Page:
Skip forward in time and around 2000, Valcheff experienced a vision. Still an active member of the CAU but now a father as well, he saw a way to make the Marchablanca a great race, one that would be fit for a first-world country let alone a remote region of a developing nation. Valcheff runs the Marchablanca as if it were artistic expression mixed with community organizing mixed with a personal challenge to himself to make something better for his community and children. By no means though is Valcheff alone in his labor for skiing and the Marchablanca.
At age 16, Fuegian Sebastián Menci represented Argentina in the 1992 Winter Olympics in Albertville, France. One of skiing’s all-time greats, Vegard Ulvang of Norway, demolished Menci, taking some ten-plus minutes out of him in the 10 k classic race. Not long afterwards, Argentine support budgets evaporated and Menci’s career as an athlete was over.
It did not matter though, anyone who has ever known a good cross-country ski coach knows Menci. He is passion and resilience incarnate. Since those Olympics, Menci has worked for cross-country skiing in Argentina in what can only be described as a protracted and profound act of love for skiing.
In addition to his job as a physical-education teacher in the local schools, Menci coaches junior skiers. Some years there have been dozens and others just a handful as the sport has ebbed and flowed in the region.
Starting around 2000, he spent three years convincing a local kid named Federico Cichero, who showed promise as a runner, to leave other sports and focus on skiing. It took countless hours to persuade the Argentine ski federation to support a multi-year plan intended to deliver Cichero to the 2014 Sochi Winter Olympics as Argentina’s most-experienced skier yet.
Last month, Cichero was named to Argentina’s Olympic roster. In the letter nominating Cichero to the upcoming Olympics, Matías Jerman, the president of the Argentine ski federation, cited Cichero’s dedication as “…an example to younger Argentines who may follow Cichero’s example…”
Menci gives of himself to the point of excess, cobbling together equipment and ever elusive funding and waxing pair after pair of skis late into the night. While Menci served as Cichero’s coach last winter in Europe, their rental-car budget ran out so they hitchhiked back and forth from 30 minutes away to the site of Nordic World Ski Championships in Val di Fiemme, Italy. When two Austrian journalists picked up Cichero one day and learned that he and his coach were bumming rides back and forth to the competition, the journalists simply laughed.
Dependency on Downhill
In addition to the organizer, the coach and the athlete, the promise of a nordic resurgence depends on institutions like Cerro Castor, the alpine area near Ushuaia. According to Cerro Castor’s manager Gaston Begue, cross-country is a “complimentary activity for us … We’ve got our hands full around here with Inter Ski in 2015 and the possibility of hosting a World Cup downhill race but we’re happy to keep working with nordic as much as we can.”
The Cerro, as it is known locally, grooms the eastern half of the Marchablanca trail with a brand-new 2013 Pisten Bully 100. Full width and tilled but firm, the machine leaves a superior snow-product on the half of the Marchablanca trail closest to the Cerro’s base area.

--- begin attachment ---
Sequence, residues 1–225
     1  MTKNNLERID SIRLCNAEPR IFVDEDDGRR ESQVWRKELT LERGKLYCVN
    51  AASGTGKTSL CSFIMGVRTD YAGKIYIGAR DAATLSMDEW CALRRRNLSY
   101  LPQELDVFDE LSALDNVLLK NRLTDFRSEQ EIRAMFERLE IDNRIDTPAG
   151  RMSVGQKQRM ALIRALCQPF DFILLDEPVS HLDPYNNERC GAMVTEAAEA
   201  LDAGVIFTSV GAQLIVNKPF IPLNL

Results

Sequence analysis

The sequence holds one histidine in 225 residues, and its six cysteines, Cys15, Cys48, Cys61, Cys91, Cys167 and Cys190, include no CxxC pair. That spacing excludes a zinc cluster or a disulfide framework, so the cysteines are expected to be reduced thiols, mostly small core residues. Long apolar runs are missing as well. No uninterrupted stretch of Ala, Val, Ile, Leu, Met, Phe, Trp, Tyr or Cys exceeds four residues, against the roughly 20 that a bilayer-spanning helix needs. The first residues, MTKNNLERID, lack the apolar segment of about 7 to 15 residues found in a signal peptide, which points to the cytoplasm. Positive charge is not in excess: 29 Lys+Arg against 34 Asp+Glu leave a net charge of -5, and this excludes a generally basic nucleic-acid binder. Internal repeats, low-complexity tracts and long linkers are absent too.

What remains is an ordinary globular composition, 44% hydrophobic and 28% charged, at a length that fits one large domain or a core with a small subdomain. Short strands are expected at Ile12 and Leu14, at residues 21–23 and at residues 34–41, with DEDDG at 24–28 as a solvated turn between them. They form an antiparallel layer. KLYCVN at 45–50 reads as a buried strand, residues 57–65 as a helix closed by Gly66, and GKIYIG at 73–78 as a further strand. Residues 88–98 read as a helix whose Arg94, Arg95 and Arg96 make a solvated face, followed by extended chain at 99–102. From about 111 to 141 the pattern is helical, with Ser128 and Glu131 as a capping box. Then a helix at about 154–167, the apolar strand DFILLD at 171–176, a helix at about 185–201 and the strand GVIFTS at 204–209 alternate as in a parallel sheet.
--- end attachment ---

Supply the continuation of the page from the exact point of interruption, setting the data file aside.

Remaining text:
In contrast to the organized-and-corporate Cerro Castor, the Centro Invernal Tierra Mayor, a small “winter center” run by the Giro family, operates on tradition and passion. The center is positioned in the middle of the Marchablanca trail and Gustavo Giro grooms the western sector with his Pisten Bully in order to complete the roughly 21 k loop. As Valcheff often points out, “the Giros have cross-country running through their veins.”
A Labor of Love
Carlos Zampatti imported and retailed cross-country goods (until the current importation restrictions in Argentina made it impossible to continue) and works tirelessly on the trails at the CAU’s Francisco Jerman Nordic Ski Area overlooking the city of Ushuaia. Go to the Jerman nearly any day during the austral summer and Zampatti will be there trimming, pruning, grading, repairing, and replacing culverts and drainage channels. A former government employee, Zampatti’s familiarity with provincial bureaucracies was crucial in establishing the Marchablanca trail as a legally recognized and protected “Provincial Cross Country Ski Trail” or PIPEF in 2010.
Year after year, Zampatti pitches in to make the Marchablanca happen. In 2013, he was in the trenches shoveling snow into the two culverts that transect Argentina’s Route 3 on the Marchablanca course in order to make it fully passable without needing to remove skis.
Local skiers Nestor Urquia and Ricardo Hlopec both worked in governmental forestry divisions. Experienced in the ways of government, accustomed to formal and academic discourse, and facile with paperwork, the pair has navigated endless applications for grant funds to purchase equipment and upgrades for cross-country.
Also critical to maintaining the skiing infrastructure is current Provincial Tourism Minister, Marcelo Echazu. A skier himself, Echazu supported provincial funding for regular grooming on the Marchablanca/PIPEF trail and for the Marchablanca event.
All these people and the work of many more over 10 years combined to create a uniquely Argentine phenomenon, a mind-boggling paradox. In the middle of nowhere, it is snowy in August.